Though it was more than ten years ago now, the September 11th terrorist attacks still seem fresh in the minds of most Americans, but now there are kids in school who weren't even alive during the attacks. So, Sen. Thad Altman, R-Melbourne, has introduced a bill in the Florida Senate that would require that 9/11 be taught in all Florida schools.
Altman says that teachers often don't present curriculum on the attacks because they run out of time at the end of the year. Senate Bill 1422 would require "members of the instructional staff of public schools provide instruction to students about the events surrounding the terrorist attacks occurring on September 11, 2001, and the impact of those events on the nation, etc."
"The largest attack ever on American soil is something worth of teaching to our young people," Atman said according to PolitiJax.
The bill passed through the education committee with a unanimous vote, but still has one more committee stops. The House version still has to clear three more committee stops.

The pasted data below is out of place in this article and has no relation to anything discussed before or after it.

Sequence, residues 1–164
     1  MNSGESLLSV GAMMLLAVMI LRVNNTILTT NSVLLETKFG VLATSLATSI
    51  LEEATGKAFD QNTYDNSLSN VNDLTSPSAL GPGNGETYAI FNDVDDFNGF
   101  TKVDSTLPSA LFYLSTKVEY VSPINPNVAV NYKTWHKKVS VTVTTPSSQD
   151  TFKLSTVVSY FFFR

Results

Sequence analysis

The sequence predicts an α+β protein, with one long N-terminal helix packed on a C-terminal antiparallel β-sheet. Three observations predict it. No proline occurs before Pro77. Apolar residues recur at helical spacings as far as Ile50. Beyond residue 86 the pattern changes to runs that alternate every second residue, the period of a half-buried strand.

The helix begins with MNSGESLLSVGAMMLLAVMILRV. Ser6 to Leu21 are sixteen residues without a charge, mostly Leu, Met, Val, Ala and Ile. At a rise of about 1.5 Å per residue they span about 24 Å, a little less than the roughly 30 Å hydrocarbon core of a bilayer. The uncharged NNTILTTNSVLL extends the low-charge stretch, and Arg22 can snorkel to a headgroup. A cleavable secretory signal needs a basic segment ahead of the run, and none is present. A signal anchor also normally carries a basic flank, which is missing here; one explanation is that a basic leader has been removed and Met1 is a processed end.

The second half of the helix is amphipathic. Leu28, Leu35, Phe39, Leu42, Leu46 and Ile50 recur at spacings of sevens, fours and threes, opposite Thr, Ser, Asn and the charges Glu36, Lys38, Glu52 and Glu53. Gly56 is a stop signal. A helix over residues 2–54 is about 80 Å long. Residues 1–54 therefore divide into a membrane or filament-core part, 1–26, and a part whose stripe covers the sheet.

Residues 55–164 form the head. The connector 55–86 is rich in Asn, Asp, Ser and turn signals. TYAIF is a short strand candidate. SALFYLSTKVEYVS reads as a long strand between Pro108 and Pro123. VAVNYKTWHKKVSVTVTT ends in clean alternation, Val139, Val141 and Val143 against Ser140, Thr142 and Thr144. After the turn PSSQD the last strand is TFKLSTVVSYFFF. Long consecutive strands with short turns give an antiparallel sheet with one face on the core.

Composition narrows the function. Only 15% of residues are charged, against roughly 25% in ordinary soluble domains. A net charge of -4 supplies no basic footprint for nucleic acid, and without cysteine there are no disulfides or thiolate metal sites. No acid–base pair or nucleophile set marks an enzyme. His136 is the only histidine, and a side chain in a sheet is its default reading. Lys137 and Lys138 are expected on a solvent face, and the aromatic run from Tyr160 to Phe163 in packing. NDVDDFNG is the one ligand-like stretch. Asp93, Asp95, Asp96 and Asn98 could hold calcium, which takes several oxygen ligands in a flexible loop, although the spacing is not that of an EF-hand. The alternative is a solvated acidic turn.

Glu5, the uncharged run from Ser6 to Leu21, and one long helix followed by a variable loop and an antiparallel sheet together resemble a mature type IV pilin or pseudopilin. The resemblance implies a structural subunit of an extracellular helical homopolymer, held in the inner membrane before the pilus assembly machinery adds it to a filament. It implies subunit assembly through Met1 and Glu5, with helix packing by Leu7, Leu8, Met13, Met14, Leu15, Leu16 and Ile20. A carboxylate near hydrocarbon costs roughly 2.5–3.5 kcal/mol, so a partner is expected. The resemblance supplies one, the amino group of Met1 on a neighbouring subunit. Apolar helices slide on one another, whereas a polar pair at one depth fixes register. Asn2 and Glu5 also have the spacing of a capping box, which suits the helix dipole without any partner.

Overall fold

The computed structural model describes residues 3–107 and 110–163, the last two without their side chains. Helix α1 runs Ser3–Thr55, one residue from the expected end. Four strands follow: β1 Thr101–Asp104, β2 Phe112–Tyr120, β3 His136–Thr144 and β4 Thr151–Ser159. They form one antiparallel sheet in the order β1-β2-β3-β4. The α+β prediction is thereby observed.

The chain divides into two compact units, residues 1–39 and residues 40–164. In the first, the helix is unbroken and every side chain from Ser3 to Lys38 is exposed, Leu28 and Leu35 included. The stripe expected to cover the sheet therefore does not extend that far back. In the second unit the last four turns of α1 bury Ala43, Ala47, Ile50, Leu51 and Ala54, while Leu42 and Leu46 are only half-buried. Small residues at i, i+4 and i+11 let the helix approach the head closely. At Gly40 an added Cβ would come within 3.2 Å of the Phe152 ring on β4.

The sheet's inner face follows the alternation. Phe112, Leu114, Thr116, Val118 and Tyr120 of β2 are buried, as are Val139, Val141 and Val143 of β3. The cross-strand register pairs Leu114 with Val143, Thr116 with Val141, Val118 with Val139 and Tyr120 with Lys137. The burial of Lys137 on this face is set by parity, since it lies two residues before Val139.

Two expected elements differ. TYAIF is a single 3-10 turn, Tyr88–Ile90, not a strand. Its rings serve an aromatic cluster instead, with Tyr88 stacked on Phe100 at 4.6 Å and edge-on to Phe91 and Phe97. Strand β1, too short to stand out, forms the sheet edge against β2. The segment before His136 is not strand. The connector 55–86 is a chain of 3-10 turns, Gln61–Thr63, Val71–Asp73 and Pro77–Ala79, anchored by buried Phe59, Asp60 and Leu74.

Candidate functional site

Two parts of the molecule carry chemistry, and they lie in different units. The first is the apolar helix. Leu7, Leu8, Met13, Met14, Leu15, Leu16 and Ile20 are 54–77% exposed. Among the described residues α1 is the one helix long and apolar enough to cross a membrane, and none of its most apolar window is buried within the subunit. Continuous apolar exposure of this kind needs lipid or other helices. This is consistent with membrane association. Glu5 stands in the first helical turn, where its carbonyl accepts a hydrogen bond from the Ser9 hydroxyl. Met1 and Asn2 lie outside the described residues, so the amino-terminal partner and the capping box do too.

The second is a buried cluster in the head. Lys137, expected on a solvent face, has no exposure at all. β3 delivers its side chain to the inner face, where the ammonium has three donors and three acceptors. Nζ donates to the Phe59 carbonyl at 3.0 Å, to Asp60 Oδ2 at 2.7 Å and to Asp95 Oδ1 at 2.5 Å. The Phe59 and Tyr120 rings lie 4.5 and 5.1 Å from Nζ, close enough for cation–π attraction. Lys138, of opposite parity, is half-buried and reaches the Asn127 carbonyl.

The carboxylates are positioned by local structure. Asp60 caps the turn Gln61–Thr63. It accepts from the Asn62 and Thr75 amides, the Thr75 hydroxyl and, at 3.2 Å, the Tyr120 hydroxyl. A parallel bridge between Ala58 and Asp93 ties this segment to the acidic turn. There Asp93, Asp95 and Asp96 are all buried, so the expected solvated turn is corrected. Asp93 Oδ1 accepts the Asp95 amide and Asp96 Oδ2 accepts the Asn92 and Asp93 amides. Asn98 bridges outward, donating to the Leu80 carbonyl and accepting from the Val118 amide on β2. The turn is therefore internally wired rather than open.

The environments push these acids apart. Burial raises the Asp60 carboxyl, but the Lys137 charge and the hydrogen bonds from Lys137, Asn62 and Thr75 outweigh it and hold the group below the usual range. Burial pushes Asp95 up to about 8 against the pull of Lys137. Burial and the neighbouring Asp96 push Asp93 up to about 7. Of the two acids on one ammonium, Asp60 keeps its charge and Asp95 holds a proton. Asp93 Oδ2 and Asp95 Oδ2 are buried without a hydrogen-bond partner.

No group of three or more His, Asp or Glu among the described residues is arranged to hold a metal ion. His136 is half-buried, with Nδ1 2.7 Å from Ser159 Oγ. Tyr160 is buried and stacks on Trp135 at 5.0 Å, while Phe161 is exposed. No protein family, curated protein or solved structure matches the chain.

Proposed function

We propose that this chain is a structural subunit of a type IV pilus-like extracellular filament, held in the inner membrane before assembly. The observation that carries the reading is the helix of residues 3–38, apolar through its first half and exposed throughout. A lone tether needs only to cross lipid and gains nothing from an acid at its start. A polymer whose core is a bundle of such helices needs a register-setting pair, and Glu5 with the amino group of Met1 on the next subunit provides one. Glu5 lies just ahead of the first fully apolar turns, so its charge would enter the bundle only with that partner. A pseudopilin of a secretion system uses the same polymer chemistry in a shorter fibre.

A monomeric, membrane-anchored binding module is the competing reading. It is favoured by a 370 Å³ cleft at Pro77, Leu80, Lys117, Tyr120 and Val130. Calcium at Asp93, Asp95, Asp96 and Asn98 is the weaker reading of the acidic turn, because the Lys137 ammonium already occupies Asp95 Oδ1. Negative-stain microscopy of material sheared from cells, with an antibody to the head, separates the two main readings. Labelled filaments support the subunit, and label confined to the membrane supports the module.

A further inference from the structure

It's true that often more recent American history gets left off from history classes. As a product of Florida public education, I learned just about nothing about the Vietnam war in school. However, some senators aren't so sure the government should micromanage curriculum.
Sen. Larcenia Bullard, D-Miami, says the bill should also require that the Civil Rights movement be taught in schools, according to Naked Politics legislative watchdog Brian Pitts says Senators should merely require schools to buy text books that include material on 9/11.
Keep Miami New Times Free... Since we started Miami New Times, it has been defined as the free, independent voice of Miami, and we would like to keep it that way. Offering our readers free access to incisive coverage of local news, food and culture. Producing stories on everything from political scandals to the hottest new bands, with gutsy reporting, stylish writing, and staffers who've won everything from the Society of Professional Journalists' Sigma Delta Chi feature-writing award to the Casey Medal for Meritorious Journalism. But with local journalism's existence under siege and advertising revenue setbacks having a larger impact, it is important now more than ever for us to rally support behind funding our local journalism. You can help by participating in our "I Support" membership program, allowing us to keep covering Miami with no paywalls.